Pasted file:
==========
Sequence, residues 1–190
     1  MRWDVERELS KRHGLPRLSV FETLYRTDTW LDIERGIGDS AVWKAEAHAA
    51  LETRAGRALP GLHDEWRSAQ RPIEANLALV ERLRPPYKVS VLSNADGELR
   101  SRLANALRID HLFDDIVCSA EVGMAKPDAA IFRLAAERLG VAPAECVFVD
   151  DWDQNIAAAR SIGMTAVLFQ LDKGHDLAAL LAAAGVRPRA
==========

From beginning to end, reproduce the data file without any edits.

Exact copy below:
Sequence, residues 1–190
     1  MRWDVERELS KRHGLPRLSV FETLYRTDTW LDIERGIGDS AVWKAEAHAA
    51  LETRAGRALP GLHDEWRSAQ RPIEANLALV ERLRPPYKVS VLSNADGELR
   101  SRLANALRID HLFDDIVCSA EVGMAKPDAA IFRLAAERLG VAPAECVFVD
   151  DWDQNIAAAR SIGMTAVLFQ LDKGHDLAAL LAAAGVRPRA